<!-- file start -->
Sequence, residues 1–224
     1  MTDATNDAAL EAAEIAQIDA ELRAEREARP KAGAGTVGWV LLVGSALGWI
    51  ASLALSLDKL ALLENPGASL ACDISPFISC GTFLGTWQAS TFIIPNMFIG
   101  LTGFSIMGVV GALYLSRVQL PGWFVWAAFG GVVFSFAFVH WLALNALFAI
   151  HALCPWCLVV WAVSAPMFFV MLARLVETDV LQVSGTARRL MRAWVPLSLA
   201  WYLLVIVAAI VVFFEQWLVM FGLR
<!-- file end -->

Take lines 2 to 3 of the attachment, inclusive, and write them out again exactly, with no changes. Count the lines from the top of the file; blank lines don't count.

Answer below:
     1  MTDATNDAAL EAAEIAQIDA ELRAEREARP KAGAGTVGWV LLVGSALGWI
    51  ASLALSLDKL ALLENPGASL ACDISPFISC GTFLGTWQAS TFIIPNMFIG